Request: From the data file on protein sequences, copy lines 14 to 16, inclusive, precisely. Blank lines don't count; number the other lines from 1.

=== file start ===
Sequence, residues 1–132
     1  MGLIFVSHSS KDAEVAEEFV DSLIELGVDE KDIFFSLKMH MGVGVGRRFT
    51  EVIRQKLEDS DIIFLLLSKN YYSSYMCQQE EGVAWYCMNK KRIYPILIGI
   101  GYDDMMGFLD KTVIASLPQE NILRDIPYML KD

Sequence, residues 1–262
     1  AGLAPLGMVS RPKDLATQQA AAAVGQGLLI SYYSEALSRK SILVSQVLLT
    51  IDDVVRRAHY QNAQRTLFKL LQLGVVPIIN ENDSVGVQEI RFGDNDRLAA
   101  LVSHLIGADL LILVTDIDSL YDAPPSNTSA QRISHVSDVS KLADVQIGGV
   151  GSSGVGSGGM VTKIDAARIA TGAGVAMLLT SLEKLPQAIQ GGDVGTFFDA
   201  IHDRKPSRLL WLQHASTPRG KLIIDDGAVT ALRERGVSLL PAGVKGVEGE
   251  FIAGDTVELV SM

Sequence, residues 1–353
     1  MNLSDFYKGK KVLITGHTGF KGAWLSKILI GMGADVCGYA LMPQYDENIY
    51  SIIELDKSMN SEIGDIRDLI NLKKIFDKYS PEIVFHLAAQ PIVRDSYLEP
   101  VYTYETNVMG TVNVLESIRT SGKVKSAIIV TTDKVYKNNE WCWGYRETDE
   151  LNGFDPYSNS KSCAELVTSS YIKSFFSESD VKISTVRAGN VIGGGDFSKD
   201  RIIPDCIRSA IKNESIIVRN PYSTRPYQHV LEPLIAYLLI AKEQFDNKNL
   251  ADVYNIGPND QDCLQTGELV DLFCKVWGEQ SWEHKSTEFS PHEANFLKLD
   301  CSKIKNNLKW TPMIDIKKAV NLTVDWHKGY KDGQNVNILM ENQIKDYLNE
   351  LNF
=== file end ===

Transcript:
    51  SIIELDKSMN SEIGDIRDLI NLKKIFDKYS PEIVFHLAAQ PIVRDSYLEP
   101  VYTYETNVMG TVNVLESIRT SGKVKSAIIV TTDKVYKNNE WCWGYRETDE
   151  LNGFDPYSNS KSCAELVTSS YIKSFFSESD VKISTVRAGN VIGGGDFSKD